He really is a very strange creature, with his exalted sense of destiny, his total lack of scruple when he thinks the ends are justified, his readiness to use fair means or foul to get his way, and in particular his quite remarkable capacity for selective amnesia. One consequence is that he often fails to see that he is completely contradicting himself, and in the process humiliating his faithful allies.

To borrow a hallowed phrase from Irish politics, those who trusted Blair have again and again been left with their arses hanging out of the window. He did that with Roy Jenkins over electoral reform, with Paddy Ashdown over an alliance between Labour and Lib Dems, with David Trimble over IRA violence, and with his credulous pro-European supporters over the European constitution.

In the summer of 2004, Blair performed an excruciating about-turn, announcing a referendum after he had cut a deal with Rupert Murdoch before the election. Then, in the spring of 2005, he duly won, just as the constitution was rejected by the French electorate. On 5 June Blair told the Commons that, after the French vote, "there is no point in having a referendum", at which Angela Browning, the Tory backbencher, reminded him that he had told The Sun less than four weeks earlier, "Even if the French voted no, we would have a referendum. That is a government promise".

And he has done it over Iraq, in a manner so flagrant as to raise doubts about his mental stability, or at least suggest that he has no grasp at all of objective truth and falsehood. In the Commons on 13 October 2004, he denounced the Liberal Democrats, saying that if they had their way, "Saddam Hussein and his sons would still be running Iraq. And that is why I took the stand I did. I take it now and I at least will stick by it". At that, the Labour MP Bob Wareing asked him how he could explain having told Parliament on 25 February 2003, "Even now, today, we are offering Saddam the prospect of voluntarily disarming through the United Nations. I detest his regime but even now he could save it by complying with the United Nations' demands".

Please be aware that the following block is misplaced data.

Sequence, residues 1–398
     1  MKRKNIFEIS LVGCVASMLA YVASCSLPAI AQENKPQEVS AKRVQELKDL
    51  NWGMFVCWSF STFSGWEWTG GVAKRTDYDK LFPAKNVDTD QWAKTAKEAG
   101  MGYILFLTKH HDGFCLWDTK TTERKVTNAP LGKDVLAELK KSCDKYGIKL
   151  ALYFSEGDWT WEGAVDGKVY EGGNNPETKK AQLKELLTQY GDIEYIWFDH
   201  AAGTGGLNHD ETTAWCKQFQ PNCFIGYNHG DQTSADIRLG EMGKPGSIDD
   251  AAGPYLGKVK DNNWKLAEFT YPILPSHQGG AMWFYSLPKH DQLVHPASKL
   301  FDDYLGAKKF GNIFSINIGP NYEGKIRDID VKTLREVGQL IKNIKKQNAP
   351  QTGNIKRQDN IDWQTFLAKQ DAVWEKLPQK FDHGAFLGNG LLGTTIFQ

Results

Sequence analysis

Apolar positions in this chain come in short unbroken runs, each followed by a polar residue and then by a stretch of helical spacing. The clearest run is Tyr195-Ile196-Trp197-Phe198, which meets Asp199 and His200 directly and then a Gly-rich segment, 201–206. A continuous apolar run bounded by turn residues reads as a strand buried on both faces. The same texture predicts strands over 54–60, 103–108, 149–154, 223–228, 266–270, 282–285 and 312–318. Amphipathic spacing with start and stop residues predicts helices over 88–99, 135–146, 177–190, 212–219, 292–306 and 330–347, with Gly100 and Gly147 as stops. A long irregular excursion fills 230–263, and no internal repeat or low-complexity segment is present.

Then in that interview before Christmas, Blair talked about how his Christian faith sustained him, before he was asked whether "If you had known then that there were no WMD", he would still have supported the invasion, and replied: "I would still have thought it right to remove him. I mean obviously you would have had to use and deploy different arguments."

It simply didn't occur to him that those words must produce howls of agony and rage from those who had served in his government seven years ago. Like Straw, they all thought that regime change as such was an "improper and unlawful" reason for war, but Blair effectively concedes that this was really the purpose, just as some said all along. Washington was going to invade in any case, and so-called WMD were, as Paul Wolfowitz memorably put it, a "bureaucratic" or cosmetic pretext.

But if Blair had "deployed different arguments", he wouldn't have been able to take his country to war at all, as he knows very well. Come to think of it, maybe he really is the criminal who admits everything.